All students, regardless of their financial need, may work during the academic year—and most of our students do. They work on campus in labs, departmental offices and centers, as well as in the community.
MIT students are able to pursue work opportunities that fit their interest areas and align these with their future aspirations. We collaborate with various on-campus offices, including the Office of Experiential Learning (OEL), the Office of Graduate Education (OGE), and Career Advising & Professional Development (CAPD).
Student minimum wage is $15 an hour with most students making about $1,700 a term for 6–8 hours of work a week.
Per federal regulations, students participating in a federal work-study program are not permitted to miss class time in order to perform their federal work-study duties.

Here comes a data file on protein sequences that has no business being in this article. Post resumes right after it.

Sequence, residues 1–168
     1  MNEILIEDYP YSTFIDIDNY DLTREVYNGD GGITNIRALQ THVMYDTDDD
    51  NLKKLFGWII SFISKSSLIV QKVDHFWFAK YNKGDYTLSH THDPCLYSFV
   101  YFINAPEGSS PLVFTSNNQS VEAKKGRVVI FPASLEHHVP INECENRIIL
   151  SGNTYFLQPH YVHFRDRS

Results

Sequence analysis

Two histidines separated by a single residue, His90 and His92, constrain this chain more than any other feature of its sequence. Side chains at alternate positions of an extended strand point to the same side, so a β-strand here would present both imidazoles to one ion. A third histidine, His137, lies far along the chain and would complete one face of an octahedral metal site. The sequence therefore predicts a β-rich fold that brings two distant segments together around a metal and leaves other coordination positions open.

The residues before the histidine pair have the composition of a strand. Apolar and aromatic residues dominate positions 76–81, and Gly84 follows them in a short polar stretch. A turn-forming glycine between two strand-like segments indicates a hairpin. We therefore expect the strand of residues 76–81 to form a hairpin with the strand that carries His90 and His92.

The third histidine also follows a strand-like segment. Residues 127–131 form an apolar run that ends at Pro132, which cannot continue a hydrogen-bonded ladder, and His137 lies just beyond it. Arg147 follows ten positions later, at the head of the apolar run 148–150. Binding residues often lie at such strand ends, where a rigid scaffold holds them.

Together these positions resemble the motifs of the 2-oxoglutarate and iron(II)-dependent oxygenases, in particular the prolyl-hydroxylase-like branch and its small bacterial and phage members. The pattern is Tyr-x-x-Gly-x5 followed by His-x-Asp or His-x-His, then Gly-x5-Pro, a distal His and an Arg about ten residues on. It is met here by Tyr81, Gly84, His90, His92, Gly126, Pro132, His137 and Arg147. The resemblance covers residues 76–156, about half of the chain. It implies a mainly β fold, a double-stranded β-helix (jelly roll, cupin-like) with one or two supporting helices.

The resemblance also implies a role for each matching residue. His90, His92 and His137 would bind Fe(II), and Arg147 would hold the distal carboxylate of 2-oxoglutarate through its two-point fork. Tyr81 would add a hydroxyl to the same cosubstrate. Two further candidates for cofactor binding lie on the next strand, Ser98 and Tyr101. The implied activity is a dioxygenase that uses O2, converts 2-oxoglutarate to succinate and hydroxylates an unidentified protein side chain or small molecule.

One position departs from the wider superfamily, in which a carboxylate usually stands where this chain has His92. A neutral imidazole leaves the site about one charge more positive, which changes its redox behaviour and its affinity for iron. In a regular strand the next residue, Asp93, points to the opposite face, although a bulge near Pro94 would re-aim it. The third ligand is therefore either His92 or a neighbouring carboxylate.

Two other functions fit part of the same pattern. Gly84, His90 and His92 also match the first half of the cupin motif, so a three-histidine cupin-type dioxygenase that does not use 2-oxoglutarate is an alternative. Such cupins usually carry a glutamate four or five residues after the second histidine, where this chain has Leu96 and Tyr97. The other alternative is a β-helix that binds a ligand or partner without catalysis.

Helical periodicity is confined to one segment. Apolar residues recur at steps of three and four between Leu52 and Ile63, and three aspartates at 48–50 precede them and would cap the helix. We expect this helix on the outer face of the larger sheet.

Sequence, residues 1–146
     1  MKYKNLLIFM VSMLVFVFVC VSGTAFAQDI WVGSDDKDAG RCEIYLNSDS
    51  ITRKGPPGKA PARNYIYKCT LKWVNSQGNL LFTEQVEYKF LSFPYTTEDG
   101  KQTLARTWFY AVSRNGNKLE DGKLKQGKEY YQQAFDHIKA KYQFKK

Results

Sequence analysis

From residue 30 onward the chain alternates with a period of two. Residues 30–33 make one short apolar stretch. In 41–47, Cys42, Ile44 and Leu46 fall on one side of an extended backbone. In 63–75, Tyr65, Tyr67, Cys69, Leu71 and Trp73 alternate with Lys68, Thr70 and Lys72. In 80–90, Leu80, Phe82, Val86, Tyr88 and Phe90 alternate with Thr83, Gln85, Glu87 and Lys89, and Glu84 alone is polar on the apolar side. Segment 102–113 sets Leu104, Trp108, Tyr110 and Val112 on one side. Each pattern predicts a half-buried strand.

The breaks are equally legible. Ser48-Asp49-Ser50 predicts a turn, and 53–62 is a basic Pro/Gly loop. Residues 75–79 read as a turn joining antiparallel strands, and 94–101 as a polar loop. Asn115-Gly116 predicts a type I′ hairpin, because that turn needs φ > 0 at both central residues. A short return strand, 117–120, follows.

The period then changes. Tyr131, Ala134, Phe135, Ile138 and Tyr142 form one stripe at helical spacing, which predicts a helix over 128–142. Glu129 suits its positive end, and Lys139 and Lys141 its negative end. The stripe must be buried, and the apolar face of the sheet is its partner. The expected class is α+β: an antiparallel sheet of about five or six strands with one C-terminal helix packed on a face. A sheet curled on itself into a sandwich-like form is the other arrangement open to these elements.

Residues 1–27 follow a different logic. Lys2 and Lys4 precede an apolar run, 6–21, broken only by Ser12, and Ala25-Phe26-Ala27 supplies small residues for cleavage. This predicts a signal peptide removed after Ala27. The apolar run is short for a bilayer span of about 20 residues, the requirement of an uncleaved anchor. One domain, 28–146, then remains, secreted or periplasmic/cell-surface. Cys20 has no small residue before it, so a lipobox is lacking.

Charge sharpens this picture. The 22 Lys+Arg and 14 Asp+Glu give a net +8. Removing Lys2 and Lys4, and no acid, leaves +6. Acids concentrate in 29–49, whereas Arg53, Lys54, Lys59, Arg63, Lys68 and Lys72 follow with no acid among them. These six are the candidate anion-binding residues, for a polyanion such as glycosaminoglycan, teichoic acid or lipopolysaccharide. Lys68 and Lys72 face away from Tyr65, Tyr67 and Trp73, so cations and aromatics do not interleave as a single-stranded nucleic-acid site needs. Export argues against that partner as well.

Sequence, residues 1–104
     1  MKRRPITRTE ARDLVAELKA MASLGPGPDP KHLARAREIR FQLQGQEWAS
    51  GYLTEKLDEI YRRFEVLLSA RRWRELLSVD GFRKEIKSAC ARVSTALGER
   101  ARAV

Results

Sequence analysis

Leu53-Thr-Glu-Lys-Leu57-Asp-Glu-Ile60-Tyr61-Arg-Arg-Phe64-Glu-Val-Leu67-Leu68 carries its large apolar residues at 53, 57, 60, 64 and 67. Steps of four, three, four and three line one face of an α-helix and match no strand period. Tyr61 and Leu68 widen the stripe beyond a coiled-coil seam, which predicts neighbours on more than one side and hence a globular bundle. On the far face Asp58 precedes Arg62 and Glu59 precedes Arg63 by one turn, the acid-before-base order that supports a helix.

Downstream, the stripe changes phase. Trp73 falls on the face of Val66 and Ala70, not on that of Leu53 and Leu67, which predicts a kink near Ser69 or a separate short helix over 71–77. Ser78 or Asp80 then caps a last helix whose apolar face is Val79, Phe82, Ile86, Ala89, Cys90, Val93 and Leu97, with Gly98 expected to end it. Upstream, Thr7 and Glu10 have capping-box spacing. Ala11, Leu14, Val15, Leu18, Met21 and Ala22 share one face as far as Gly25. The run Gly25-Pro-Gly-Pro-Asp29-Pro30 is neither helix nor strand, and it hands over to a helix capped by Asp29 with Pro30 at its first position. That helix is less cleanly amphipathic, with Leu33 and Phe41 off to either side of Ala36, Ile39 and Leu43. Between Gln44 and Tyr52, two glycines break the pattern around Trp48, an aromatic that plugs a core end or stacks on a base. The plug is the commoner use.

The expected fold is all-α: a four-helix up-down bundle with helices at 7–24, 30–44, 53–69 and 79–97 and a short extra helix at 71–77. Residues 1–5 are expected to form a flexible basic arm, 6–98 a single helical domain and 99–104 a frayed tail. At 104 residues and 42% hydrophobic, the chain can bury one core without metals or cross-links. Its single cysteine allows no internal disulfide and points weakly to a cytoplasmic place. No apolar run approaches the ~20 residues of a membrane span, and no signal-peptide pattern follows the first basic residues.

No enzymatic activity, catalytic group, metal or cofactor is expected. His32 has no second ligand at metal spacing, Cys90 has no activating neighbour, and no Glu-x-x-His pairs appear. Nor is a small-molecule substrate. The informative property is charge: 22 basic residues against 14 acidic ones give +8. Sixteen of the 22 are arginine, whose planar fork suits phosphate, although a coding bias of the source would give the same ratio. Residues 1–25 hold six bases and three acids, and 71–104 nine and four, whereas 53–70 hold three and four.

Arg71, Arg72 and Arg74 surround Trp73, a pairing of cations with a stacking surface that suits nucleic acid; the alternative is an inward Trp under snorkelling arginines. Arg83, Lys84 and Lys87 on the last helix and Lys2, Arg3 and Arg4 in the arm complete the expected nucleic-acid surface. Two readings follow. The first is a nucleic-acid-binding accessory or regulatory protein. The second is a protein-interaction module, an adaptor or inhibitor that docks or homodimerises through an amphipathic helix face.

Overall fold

International undergraduate students
Due to student-visa guidelines, international students are limited to working 20 hours per week.
International graduate students
In addition to the 20 hour work limit, international graduate students are not eligible to work at all during any semester (including summer) that they are fully funded.Visit the jobs board →
Eligibility for SNAP benefits
Students who work at least 20 hours a week or participate in a state or Federal Work-Study program may qualify for an exemption. You must still meet the other SNAP eligibility requirements to be eligible for benefits. You may apply for SNAP benefits here.
What you need if you graduate or are no longer working at MIT
Payroll information & tax forms
If you leave MIT or are graduating, The Office of the Vice President of Finance has the information that you need to find your last paystub or your Wage and Tax Statement (W-2) for your last year at MIT.